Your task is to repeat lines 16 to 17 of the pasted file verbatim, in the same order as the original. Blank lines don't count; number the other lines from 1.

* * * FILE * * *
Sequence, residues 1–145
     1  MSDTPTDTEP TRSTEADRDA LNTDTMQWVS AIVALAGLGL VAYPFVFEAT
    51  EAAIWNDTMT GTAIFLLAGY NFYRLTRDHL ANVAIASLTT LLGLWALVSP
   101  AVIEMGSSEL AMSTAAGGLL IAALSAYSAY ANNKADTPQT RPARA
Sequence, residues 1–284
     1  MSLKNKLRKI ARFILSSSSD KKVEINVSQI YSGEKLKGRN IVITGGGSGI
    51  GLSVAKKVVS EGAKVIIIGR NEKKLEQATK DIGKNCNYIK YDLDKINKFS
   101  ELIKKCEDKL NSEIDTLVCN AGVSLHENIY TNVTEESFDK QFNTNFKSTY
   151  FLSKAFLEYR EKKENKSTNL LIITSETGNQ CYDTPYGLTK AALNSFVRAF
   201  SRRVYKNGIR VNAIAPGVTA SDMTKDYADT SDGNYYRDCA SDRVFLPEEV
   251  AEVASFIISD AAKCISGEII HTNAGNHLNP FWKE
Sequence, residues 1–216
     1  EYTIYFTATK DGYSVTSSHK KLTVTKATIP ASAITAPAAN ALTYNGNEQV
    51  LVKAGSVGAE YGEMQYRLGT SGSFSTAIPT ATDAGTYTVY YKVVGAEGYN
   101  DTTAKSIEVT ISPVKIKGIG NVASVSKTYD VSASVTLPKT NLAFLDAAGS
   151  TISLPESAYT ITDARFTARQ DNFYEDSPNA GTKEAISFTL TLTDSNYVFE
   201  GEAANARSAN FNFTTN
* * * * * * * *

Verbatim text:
   151  TISLPESAYT ITDARFTARQ DNFYEDSPNA GTKEAISFTL TLTDSNYVFE
   201  GEAANARSAN FNFTTN